50. European Populists Who Looked to Trump Now Look Away Foreign, January 13

    The riot at the U.S. Capitol and bogus claims of election fraud have led former allies of President Trump to distance themselves.

  51. Italy Starts Largest Mob Trial in Decades Foreign, January 13

    Prosecutors in the southern region of Calabria opened a trial of 325 defendants linked to the ‘Ndrangheta crime syndicate accused of murder, corruption, drug trafficking and other crimes.

  52. House Hunting in Estonia: A 19th-Century Manor With Modern Style Real Estate, January 13

    The pandemic dealt a blow to Estonia’s housing market, but recent data suggests there are still smart investments to be made there.

  53. El jardín de los placeres de Calígula, desenterrado y restaurado en Español, January 13

    Los arqueólogos han recuperado y ahora exhiben las reliquias del refugio favorito del tirano más infame de la antigua Roma.

  54. For Some Scottish Seafood Businesses, Brexit Could Be a Death Knell Foreign, January 13

    Daunting new paperwork could cause border delays that would ruin entire shipments — and their businesses.

  55. Estonia’s Prime Minister Steps Down Under a Cloud Foreign, January 13

    The resignation of Juri Ratas in a scandal involving pandemic relief loans is an unusual hiccup in a buttoned-down country.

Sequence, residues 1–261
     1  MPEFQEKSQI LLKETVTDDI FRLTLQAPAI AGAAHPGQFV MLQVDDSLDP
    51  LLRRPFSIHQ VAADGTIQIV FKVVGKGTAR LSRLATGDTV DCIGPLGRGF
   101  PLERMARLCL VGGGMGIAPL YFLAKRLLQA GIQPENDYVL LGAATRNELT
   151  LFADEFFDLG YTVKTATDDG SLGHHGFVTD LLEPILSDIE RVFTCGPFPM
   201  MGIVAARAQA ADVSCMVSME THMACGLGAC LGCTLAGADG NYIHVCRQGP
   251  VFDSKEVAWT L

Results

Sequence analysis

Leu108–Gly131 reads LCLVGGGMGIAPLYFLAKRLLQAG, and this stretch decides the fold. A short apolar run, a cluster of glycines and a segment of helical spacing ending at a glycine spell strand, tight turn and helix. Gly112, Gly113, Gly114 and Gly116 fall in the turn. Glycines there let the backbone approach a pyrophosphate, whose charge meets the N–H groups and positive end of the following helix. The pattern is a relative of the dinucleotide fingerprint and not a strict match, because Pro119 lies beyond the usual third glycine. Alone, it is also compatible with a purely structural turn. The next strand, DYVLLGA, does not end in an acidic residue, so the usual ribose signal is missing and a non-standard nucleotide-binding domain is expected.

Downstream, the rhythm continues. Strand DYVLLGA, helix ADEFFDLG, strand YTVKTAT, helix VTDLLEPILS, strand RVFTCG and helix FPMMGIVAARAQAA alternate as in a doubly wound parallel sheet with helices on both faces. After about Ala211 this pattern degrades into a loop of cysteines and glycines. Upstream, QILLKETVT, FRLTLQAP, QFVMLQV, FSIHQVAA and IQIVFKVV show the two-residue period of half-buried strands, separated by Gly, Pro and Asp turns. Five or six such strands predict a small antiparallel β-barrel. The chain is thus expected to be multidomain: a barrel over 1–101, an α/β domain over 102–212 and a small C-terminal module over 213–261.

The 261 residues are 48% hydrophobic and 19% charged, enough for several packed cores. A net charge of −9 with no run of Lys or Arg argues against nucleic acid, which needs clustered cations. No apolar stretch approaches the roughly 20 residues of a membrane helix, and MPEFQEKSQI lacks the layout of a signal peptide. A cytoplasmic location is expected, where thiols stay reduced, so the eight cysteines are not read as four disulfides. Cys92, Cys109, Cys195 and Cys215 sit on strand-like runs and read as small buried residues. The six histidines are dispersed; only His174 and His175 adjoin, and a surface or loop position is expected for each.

56. How 8 Countries Have Tried to Keep Artists Afloat Arts & Leisure, January 13

    Governments around the world have tried to support the arts during the pandemic, some more generously than others.

  57. Lack of Tiny Parts Disrupts Auto Factories Worldwide Business, January 13

    Carmakers can’t buy the semiconductors they need because home electronics are taking all the supply.

  58. Aleksei Navalny Says He’ll Return to Russia on Sunday Foreign, January 13

    The opposition leader has been recovering in Germany from a poisoning attack widely attributed to the Russian state.

  59. Ronnie Brunswijk fue guerrillero, narcotraficante y magnate del oro. Ahora quiere transformar Surinam en Español, January 13

    El vicepresidente del diminuto país ha sido muchas cosas. Ahora quiere ser conocido como el hombre que repartirá equitativamente la nueva riqueza petrolera del país.

  60. With Hospitals Nearly Overwhelmed, Britain Faces Harder Days Foreign, January 12

    As a more contagious variant of the coronavirus tears through the country, and as people resist new restrictions, hospitals are struggling to cope with a surge in patients.